Climate change is likely to impact the corn market significantly over the next 20 years, scientists say in a research article published this week.
The journal Nature Climate Change contends that factors such as market policies or oil prices have comparatively little effect on corn prices than the climate. But heat waves sparked by rising global temperatures are expected to become more common, withering crops in Corn Belt states and triggering price spikes, the scientists say.
Farmers would be forced to increase their crops' heat tolerance, or move northward to near the Canadian border to avoid the heat waves.
"U.S. corn-price volatility exhibits higher sensitivity to near-term climate change than to energy policy influences or agriculture-energy market integration," researchers Noah S. Diffenbaugh, Thomas W. Hertel, Martin Scherer and Monika Verma wrote in the article published on Sunday.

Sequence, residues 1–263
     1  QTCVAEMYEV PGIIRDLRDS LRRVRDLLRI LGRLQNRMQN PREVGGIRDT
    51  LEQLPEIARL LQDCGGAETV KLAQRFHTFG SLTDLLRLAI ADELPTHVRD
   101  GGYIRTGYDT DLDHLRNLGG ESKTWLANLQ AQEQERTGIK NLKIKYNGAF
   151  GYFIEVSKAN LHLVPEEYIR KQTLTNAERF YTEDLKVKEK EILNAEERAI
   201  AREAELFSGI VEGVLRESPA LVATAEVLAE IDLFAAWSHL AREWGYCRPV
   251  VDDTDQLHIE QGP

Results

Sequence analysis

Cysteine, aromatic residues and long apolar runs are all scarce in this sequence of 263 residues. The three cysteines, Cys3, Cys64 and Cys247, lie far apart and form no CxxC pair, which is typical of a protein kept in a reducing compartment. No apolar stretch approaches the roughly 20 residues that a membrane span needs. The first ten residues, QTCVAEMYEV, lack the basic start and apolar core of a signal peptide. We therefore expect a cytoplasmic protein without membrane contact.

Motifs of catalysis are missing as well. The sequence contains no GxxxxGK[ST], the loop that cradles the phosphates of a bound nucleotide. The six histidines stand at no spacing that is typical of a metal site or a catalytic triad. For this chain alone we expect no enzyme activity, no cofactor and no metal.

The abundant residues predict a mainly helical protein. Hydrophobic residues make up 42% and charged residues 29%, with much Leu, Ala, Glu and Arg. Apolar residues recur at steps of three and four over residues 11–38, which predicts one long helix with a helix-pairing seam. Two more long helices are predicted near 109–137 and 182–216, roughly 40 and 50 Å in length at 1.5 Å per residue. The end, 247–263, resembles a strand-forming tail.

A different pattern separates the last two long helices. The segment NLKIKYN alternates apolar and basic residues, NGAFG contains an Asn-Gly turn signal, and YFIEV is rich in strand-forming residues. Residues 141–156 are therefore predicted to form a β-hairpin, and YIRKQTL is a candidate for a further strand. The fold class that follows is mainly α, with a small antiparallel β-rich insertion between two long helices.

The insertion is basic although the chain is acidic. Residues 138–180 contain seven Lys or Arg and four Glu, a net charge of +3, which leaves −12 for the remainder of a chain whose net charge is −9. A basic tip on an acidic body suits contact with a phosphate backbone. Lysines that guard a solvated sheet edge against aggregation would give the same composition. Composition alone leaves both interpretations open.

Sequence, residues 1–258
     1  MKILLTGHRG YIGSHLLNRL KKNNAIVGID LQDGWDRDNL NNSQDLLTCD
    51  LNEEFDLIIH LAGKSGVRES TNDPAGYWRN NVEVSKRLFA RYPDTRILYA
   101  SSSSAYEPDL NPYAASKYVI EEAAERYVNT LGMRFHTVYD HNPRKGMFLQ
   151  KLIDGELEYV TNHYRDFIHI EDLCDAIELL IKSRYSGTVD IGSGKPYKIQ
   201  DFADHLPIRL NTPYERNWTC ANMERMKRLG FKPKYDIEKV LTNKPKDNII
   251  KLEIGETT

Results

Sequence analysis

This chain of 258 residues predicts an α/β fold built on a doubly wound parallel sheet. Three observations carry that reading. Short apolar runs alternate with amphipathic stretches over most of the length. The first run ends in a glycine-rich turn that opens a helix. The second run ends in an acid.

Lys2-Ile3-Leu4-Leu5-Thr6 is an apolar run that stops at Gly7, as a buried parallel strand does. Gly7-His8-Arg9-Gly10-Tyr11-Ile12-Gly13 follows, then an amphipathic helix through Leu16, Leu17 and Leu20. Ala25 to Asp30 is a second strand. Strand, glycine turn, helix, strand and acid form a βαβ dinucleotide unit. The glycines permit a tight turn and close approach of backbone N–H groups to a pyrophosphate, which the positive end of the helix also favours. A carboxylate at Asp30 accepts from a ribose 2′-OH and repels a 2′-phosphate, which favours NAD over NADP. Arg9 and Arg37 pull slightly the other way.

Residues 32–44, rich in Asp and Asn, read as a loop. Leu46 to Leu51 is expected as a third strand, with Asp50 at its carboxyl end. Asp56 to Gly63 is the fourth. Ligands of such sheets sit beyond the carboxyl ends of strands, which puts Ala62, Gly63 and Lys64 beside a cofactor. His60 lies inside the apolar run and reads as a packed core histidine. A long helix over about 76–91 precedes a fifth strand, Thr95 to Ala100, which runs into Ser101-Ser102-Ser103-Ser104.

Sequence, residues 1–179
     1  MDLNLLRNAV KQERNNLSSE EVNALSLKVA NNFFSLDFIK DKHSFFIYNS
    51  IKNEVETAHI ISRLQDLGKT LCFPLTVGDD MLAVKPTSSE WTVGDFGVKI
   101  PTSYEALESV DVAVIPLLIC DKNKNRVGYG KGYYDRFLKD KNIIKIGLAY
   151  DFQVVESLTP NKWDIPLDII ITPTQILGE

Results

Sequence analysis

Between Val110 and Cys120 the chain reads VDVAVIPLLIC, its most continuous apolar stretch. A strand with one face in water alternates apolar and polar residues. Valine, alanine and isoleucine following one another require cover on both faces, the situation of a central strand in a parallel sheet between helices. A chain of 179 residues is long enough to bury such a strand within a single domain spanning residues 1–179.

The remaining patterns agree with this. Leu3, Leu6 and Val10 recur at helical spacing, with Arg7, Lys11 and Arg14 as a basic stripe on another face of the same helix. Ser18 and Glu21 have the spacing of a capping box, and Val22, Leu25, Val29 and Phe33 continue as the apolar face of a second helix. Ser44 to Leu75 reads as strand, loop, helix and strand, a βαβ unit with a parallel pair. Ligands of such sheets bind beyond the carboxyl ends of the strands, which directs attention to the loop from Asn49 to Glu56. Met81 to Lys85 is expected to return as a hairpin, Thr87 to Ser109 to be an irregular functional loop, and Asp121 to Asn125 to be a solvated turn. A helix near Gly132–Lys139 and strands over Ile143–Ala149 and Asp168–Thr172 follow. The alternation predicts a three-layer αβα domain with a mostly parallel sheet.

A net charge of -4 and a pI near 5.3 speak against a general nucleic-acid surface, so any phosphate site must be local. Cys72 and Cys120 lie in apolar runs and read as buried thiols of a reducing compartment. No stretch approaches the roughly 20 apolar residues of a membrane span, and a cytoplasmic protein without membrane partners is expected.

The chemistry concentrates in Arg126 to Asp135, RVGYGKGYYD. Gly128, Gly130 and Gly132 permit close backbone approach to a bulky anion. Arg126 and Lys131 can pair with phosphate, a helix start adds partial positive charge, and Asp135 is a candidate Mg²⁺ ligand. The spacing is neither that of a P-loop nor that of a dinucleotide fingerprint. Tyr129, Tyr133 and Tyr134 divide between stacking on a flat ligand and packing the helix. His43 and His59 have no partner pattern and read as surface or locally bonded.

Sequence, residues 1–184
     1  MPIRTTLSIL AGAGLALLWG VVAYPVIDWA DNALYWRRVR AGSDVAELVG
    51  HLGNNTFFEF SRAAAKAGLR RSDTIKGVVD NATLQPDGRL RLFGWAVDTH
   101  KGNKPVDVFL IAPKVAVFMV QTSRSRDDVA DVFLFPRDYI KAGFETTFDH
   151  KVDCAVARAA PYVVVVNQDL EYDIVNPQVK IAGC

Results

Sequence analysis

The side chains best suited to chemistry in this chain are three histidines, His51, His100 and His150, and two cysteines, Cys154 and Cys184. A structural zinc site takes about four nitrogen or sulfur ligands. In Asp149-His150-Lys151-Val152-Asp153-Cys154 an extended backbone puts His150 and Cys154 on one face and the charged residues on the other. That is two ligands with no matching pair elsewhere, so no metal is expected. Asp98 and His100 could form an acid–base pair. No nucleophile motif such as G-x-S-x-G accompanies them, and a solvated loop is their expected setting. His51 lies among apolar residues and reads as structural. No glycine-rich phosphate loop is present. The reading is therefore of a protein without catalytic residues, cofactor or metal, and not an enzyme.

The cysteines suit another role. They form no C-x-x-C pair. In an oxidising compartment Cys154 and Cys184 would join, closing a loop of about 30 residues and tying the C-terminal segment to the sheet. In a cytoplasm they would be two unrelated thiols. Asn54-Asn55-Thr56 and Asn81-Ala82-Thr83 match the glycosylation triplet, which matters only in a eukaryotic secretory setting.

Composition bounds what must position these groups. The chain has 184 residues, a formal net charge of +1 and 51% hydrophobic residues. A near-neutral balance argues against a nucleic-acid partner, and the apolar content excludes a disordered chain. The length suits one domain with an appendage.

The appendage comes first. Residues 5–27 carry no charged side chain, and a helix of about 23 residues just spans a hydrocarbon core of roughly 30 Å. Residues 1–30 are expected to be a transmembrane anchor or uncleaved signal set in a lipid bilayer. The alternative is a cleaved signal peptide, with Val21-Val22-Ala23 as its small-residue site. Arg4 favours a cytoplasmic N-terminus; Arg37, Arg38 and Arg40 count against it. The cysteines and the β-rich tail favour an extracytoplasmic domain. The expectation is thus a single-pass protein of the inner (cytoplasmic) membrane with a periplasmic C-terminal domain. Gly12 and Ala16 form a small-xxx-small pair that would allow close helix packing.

The corn market is currently struggling with an over-supply, as more acreage has been planted in the U.S. than any year since 1937 according to one government estimate. The abundance has contributed to a drop in prices.
The article contends that policies do make a difference, particularly government mandates surrounding the corn market. Biofuel mandates, for example, are currently contributing to the oversupply of corn, and could make it difficult in future years for farmers to adjust to volatile yields, the authors say.
A 45-cent-per-gallon gasoline tax that was intended to support demand for ethanol expired last year after Congress refused to renew it. However, the article predicts that increased support for biofuels will continue to encourage more corn production as opposed to other crops.
by RTT Staff Writer
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